Quote:

    The people who bought it did so because it was tiny, could edit files and do a bit of internet. It trailblazed the path for netbooks. It was only later, after they built up enough interest, that they considered going to Windows. Presumably with a slightly more powerful model and more favourable licence negotiated from MS; knowing that they could make the sales.



    OK, around here the eeePC didnt really get that much attention with the 700 series, it wasnt until the 900 came around that everyone wanted one and the sales took off.

    Quote:


    Why should a store have to "warn" people that a device is NOT Windows ? That seems bizarre marketing to me.



    Yeah well, they started doing that after a while, as more and more people came back wondering why they couldnt not install their regular software on it. Asus started feeling the preasure as eeepcs were returned or swapped out with windows versions.

    Quote:


    Quote:

    I dont know anyone outside geekhood who owns a N700/N800/N8210 - do you?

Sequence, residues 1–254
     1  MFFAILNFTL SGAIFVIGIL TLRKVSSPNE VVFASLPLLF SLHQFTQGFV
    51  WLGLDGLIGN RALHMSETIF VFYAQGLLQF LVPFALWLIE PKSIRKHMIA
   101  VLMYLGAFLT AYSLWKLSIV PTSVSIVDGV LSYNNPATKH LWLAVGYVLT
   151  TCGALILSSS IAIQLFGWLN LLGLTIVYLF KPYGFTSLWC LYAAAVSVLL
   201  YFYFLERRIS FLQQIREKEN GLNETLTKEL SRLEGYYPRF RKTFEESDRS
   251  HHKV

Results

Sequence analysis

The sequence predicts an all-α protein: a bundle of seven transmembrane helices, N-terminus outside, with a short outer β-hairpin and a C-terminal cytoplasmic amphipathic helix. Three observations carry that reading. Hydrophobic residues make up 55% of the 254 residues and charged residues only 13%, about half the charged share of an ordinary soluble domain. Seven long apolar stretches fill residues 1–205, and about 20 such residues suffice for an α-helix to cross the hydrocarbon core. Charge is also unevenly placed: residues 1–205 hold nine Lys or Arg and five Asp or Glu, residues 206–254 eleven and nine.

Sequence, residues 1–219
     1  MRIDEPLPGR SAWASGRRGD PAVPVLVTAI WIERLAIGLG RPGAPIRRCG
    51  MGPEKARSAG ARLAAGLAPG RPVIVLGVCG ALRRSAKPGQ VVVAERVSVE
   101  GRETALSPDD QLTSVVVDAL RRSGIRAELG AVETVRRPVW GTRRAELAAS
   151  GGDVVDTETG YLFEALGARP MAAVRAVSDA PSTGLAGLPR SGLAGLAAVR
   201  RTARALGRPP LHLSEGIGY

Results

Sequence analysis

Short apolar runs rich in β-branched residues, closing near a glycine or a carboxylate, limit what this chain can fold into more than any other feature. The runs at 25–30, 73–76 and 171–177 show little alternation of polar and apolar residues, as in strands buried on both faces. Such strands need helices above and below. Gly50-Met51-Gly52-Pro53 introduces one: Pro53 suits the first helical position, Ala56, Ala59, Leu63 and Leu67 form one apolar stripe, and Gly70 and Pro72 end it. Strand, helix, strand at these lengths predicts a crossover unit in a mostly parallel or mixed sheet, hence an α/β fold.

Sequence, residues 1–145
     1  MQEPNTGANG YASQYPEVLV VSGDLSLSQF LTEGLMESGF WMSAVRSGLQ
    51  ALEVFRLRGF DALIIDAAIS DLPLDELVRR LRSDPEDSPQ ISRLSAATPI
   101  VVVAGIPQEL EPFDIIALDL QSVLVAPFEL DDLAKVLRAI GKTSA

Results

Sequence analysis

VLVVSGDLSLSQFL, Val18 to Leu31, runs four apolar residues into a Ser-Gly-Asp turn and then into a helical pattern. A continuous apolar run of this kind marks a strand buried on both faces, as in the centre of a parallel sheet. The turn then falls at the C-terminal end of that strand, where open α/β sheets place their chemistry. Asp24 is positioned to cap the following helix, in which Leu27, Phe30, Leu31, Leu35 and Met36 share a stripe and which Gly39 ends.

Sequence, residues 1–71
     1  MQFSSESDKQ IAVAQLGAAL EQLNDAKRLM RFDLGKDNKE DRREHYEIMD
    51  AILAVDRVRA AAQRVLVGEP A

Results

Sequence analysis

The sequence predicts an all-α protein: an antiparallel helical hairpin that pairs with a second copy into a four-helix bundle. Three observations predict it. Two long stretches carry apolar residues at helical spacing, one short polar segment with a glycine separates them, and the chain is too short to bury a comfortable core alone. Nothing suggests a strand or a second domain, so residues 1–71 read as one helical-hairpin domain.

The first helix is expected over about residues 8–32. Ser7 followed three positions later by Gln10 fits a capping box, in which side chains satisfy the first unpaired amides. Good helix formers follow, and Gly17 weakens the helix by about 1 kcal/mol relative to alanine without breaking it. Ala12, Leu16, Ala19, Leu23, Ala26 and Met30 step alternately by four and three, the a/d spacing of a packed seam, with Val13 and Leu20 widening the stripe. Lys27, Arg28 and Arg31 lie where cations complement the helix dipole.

My point was that there are products running a satisfactory version of Linux aimed at the general market; Matt was suggesting that Linux was not ready in some respect.



    Well, I dont think it is either, years of experience with linux on PDAs and various other devices just gave me frustration, it's not only in the user interface, it's actually just as much in how linux, or rather any unix, works - it doesnt fit well into a world of memory cards, usb sticks, network coming and going etc. The only people I know that are satisfied are people that prefer linux everywhere anyhow, they tend to forgive all the stuff that doesnt work well, and their single most used argument is that is surely is better than windows.

    Quote:


    I know a lot of people who want small, portable computers for internet, editing documents and nothing more. They know that Mac OSX is cooler than Windows but they can't afford it. They don't care about Windows if the device is cheap and small.



    So... why dont they have an eeepc already?

    Quote:


    Quote:

    Why would that make developers turn away?